A new tool has been launched to help people spot pension scams.
The Pensions Advisory Service (TPAS) has launched its online pension scam guidance tool, alongside a campaign on social media, to try to raise awareness of the warning signs that what appears to be a good investment option is actually a pension scam.
Rise of pension scams
[SPOTLIGHT]Since the introduction of the pension freedoms a couple of years ago, scammers have increasingly seen pensions as a lucrative area to target, encouraging older people to move their money from legitimate schemes into far shadier investments. According to Citizens Advice, as many as 10.9 million people received unsolicited approaches about their pensions last year.
The TPAS said that it had been encouraged by the increase in calls from pension savers who wanted to check whether the offers they had received were genuine or not.
However, the TPAS said that while some pension scams are easy to spot, others are more complex and difficult to identify as cons, which was why it had launched its guidance tool.
What the tool can do
It made clear that the tool cannot give users a definitive answer on whether they have been approached by scammers, instead offering guidance on spotting some tell-tale signs of less legitimate investment opportunities.
Interestingly, it also makes clear that for a user to even click through to try the tool suggests that they must have some doubts about the information received about the investment.
So for example, if you put in that you have been approached via a cold call about transferring your pension, the tool will push you towards checking that the firm which contacted you is on the FCA’s register of authorised firms and individuals.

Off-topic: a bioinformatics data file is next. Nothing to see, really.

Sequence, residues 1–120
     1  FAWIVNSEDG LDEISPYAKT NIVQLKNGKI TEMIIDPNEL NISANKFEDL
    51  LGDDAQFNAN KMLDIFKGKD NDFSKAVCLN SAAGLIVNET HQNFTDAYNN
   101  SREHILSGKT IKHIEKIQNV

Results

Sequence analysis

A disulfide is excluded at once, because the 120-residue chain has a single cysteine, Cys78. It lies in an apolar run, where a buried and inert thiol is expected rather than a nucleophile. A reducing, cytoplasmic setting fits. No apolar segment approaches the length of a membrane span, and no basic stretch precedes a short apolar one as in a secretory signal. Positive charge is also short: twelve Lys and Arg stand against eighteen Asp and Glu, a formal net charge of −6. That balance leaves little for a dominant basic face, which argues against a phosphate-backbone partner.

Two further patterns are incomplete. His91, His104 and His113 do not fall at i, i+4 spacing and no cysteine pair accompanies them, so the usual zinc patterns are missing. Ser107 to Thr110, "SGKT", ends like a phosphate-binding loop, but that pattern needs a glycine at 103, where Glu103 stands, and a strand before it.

If you report that you have been urged to transfer your cash by an unregistered firm, it delivers this warning:
“If the firm or individual who has directly advised you to transfer your pension money can’t be found on the FCA Register, you should be wary. You may be dealing with an introducer firm or an unregulated adviser who should not be giving any advice to you (the adviser could be based overseas for instance). If they do give you advice and you take it, you are not protected by the Financial Conduct Authority.”
It then suggests you find an authorised adviser.
You can give the tool a try on the TPAS website.
Missing the warning signs
Many of us are pretty confident that we could spot a pension scam, yet the evidence suggests otherwise. A report from Citizens Advice last year found that a massive 88% of us miss warning signs, exposing a mismatch between our confidence in spotting a fraud and our actual ability to do so.
Here are some of the classic signs that the ‘can’t miss’ investment opportunity you're being promised is actually a shady deal from a scammer:
Be very suspicious about any approach that comes out of the blue, whether it’s in person, online or over the phone.
If the rate of return seems too good to be true, it almost certainly is.
Scammers may try to convince you that you can access your pension before the age of 55. Doing so will see you hit with a massive tax bill, as well as likely losing your pension savings in the scam!
The caller tries to pressure you into making a fast decision - always take your time.
The new TPAS tool could prevent you falling for a pension scam. Other ways to keep safe include:
Checking the FCA’s register to ensure you are dealing with a legitimate firm.
Taking a the FCA’s ScamSmart warning list for known investment scams.